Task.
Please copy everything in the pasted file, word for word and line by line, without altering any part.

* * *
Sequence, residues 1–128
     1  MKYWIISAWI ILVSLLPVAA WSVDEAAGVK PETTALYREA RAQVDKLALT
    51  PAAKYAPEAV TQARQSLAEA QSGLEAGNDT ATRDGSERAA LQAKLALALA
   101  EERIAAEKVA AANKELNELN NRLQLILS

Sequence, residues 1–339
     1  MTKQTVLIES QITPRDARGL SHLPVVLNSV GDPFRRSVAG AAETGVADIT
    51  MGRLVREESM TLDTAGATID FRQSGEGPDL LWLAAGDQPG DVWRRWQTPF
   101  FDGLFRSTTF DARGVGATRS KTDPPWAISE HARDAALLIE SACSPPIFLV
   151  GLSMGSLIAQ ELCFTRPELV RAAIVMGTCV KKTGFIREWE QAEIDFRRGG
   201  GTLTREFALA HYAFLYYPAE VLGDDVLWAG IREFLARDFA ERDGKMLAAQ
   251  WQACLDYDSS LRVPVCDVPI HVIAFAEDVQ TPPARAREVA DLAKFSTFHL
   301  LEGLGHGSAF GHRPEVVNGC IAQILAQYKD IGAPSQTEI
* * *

Sequence, residues 1–128
     1  MKYWIISAWI ILVSLLPVAA WSVDEAAGVK PETTALYREA RAQVDKLALT
    51  PAAKYAPEAV TQARQSLAEA QSGLEAGNDT ATRDGSERAA LQAKLALALA
   101  EERIAAEKVA AANKELNELN NRLQLILS

Sequence, residues 1–339
     1  MTKQTVLIES QITPRDARGL SHLPVVLNSV GDPFRRSVAG AAETGVADIT
    51  MGRLVREESM TLDTAGATID FRQSGEGPDL LWLAAGDQPG DVWRRWQTPF
   101  FDGLFRSTTF DARGVGATRS KTDPPWAISE HARDAALLIE SACSPPIFLV
   151  GLSMGSLIAQ ELCFTRPELV RAAIVMGTCV KKTGFIREWE QAEIDFRRGG
   201  GTLTREFALA HYAFLYYPAE VLGDDVLWAG IREFLARDFA ERDGKMLAAQ
   251  WQACLDYDSS LRVPVCDVPI HVIAFAEDVQ TPPARAREVA DLAKFSTFHL
   301  LEGLGHGSAF GHRPEVVNGC IAQILAQYKD IGAPSQTEI